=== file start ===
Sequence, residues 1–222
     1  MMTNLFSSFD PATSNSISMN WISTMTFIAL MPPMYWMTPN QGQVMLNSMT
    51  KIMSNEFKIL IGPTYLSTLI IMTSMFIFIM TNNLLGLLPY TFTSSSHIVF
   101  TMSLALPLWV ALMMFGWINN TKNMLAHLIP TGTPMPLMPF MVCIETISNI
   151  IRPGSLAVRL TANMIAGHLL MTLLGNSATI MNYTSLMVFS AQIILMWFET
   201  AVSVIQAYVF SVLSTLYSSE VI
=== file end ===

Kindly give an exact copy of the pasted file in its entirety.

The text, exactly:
Sequence, residues 1–222
     1  MMTNLFSSFD PATSNSISMN WISTMTFIAL MPPMYWMTPN QGQVMLNSMT
    51  KIMSNEFKIL IGPTYLSTLI IMTSMFIFIM TNNLLGLLPY TFTSSSHIVF
   101  TMSLALPLWV ALMMFGWINN TKNMLAHLIP TGTPMPLMPF MVCIETISNI
   151  IRPGSLAVRL TANMIAGHLL MTLLGNSATI MNYTSLMVFS AQIILMWFET
   201  AVSVIQAYVF SVLSTLYSSE VI